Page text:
Too Old or Young to Start a Healthcare Startup?
Over the weekend, I was reminded by a dear friend that I am now 31 years old and thereby unable to qualify for the Forbes 30 under 30 list. Who needs enemies when you have friends like that? Too bad Healthcare Pizza hadn’t started in 2017, I surely would’ve made the list. Now all I can hope is for is Fortune’s 40 under 40 list, sharing the award with billionaire Kylie Jenner and Presidential candidate Pete Buttigieg. Seems likely…
On the topic of age and healthcare startups, today I have a doozy. I have long wondered if healthcare founders were traditionally older or younger than other industries, since the majority of today’s leaders across the payer, provider, drug, and device industry are all above the age of 50. I mean you don’t hear of too many 19 year old Stanford dropouts looking to disrupt the healthcare industry… Thanks to Hervé Lebret, I now have the data. Here’s the results. Compared to internet and software companies, healthcare founders at time of IPO are 11 years older. Below I have colored the healthcare related categories in orange, while the internet and software companies are listed as blue.
Another way to look at the data is the distribution of founder’s by age brackets. This simple histogram shows the average founder age breakdown for Healthcare versus Software and Internet. To me, this was even more interesting! Software and Internet has a standard bell curve peaking around the 30-34 age bracket, while Healthcare is significantly older. Specifically, 33% of healthcare founders were 50+ years old at the time of IPO compared with exactly 1% of founders in Software and Internet in that category.
As an amateur data scientist, I immediately wondered what primary confounding variables could be causing this discrepancy. One argument that I’ve heard from multiple sources is that the complexity of healthcare and difficulty in achieving scale will cause longer time periods before going public. Therefore, this delay would cause older founders at IPO. Since it seemed plausible, I decided to look into it. Much to my surprise, it takes the same amount of time for both Medtech and Software companies to go public, at 10.8 and 10.2 years respectively. There’s no difference that ages the healthcare founder. Squash that argument.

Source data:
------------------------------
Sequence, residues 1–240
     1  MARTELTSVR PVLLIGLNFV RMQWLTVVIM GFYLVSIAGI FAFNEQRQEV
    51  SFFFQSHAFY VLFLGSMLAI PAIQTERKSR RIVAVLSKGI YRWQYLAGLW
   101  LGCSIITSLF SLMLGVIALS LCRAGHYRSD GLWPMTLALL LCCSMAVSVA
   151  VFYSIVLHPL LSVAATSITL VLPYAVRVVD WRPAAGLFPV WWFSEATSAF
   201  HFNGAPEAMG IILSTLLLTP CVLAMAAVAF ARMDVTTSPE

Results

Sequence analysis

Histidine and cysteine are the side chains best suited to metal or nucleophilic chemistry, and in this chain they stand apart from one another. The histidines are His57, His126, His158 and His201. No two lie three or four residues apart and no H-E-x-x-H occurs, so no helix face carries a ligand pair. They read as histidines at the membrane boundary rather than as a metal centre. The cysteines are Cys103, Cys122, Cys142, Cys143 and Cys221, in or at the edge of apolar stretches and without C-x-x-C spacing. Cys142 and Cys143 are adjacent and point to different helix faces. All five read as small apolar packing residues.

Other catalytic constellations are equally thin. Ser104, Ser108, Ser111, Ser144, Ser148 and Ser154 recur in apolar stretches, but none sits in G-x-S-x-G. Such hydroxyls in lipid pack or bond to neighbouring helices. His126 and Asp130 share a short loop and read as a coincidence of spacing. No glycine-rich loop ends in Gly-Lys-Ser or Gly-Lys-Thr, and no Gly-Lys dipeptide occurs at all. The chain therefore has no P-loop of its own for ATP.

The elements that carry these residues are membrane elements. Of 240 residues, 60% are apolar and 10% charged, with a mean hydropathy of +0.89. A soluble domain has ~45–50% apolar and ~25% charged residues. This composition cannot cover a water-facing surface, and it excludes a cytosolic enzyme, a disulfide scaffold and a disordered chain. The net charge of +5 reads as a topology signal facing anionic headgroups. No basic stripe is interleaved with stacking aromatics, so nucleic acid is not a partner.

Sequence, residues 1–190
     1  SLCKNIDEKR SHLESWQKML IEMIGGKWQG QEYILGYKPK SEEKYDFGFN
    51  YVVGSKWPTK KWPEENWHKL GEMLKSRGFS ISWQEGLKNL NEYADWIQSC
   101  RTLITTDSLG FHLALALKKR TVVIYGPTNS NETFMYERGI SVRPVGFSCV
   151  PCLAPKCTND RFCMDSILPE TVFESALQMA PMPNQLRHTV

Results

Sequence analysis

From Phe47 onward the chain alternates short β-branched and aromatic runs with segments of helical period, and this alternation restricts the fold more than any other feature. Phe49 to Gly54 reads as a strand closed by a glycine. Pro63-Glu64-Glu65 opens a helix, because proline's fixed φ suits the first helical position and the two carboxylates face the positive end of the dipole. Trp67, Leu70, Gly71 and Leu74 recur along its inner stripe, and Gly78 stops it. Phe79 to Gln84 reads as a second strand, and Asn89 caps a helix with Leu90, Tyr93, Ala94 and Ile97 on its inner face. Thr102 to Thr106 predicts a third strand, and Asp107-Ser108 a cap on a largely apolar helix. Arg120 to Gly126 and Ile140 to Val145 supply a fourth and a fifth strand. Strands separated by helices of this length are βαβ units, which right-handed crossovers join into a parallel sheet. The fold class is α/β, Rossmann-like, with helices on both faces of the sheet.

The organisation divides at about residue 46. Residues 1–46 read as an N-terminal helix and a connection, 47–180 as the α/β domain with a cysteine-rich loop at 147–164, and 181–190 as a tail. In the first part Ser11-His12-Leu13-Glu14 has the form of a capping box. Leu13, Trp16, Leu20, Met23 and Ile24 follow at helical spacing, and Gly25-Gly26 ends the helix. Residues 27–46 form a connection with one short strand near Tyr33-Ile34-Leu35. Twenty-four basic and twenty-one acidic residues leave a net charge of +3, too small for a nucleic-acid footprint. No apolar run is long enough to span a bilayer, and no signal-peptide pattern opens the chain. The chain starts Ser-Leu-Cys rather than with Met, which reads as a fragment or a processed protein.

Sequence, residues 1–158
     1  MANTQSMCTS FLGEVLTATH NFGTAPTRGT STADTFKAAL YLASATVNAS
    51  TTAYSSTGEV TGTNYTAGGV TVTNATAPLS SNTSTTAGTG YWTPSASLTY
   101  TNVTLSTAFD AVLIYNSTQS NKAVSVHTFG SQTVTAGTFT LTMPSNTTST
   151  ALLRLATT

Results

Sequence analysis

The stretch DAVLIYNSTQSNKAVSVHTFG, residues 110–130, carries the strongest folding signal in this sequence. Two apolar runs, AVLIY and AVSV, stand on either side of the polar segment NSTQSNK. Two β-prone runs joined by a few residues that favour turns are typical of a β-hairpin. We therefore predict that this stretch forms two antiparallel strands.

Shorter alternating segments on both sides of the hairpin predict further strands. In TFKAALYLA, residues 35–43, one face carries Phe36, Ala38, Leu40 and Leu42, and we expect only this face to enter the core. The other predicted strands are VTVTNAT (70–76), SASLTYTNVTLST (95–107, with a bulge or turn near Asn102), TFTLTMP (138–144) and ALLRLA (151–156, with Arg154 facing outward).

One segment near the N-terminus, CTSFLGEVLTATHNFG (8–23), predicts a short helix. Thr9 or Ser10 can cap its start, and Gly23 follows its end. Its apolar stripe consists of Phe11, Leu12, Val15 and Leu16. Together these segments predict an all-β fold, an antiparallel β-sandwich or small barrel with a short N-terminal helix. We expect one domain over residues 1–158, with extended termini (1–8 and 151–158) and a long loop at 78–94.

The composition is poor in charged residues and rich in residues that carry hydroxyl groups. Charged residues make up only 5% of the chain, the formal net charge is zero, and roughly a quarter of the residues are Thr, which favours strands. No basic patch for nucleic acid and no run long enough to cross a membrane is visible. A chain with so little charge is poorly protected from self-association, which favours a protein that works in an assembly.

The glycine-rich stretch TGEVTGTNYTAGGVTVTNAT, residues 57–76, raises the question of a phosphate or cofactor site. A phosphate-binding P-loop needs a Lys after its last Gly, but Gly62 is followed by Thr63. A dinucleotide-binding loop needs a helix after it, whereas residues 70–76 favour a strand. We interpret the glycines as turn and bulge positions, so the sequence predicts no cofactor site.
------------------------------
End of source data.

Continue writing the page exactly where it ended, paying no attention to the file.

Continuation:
Now before all the PhDs, statisticians, and internet trolls jump all over me, I will admit there are likely other variables at play. For example, the World Wide Web was invented in 1990 by computer scientist Tim Berners-Lee, thereby skewing the Internet and Software talent pool much younger. It is also possible that healthcare startups with younger founders more often fail or become acquired, as opposed to going public. Or maybe younger generations are just disinterested with helping anyone but themselves and would rather play video games all day. “OK, Boomer.”
My guess is that healthcare is a hierarchical and status quo industry that benefits experience and connections. The two major power players in the industry are physicians and hospital executives. Of the 906,000 physicians in the U.S. today, the average age is 46.8 years old, while leaders are much older. For hospitals, the American Hospital Association reports 6,210 hospitals exist in the United States with CEOs on average 57 years old. To provide context why they are important, there are only 5,362 total Walmart stores (including Sam’s Club) in the same area.
Let me be clear, I don’t really care about age. I want the best and the brightest to receive funding, pilots, and partnership contracts, regardless of how many years they’ve walked the earth. I recognize the value having years of experience in health plan economics, hospital supply chain, or guiding multiple drugs through the FDA approval process. I also believe smart, young, and hungry professionals can accelerate change, challenge status quo, and leverage technology to improve the system overall. The startup ecosystem should encourage 20 or 30 year olds to start their first healthcare startup with reasonable expectations, because the experience gained may eventually lead to exits in their 30’s, 40’s, 50’s or 60’s. That company, or their second or third. And for those already in the middle or later stages of their career, you’re right in the sweet spot for that multi-million or -billion dollar exit! Good luck.
November 12, 2019
Andy Mychkovsky is the creator, writer, and head chef at Healthcare Pizza. In addition to working for a healthcare technology company and advising startups / investors on a variety of digital health topics, he lives in Arlington, VA with his wife and future French Bulldog. Follow him on Twitter or LinkedIn for future thoughts.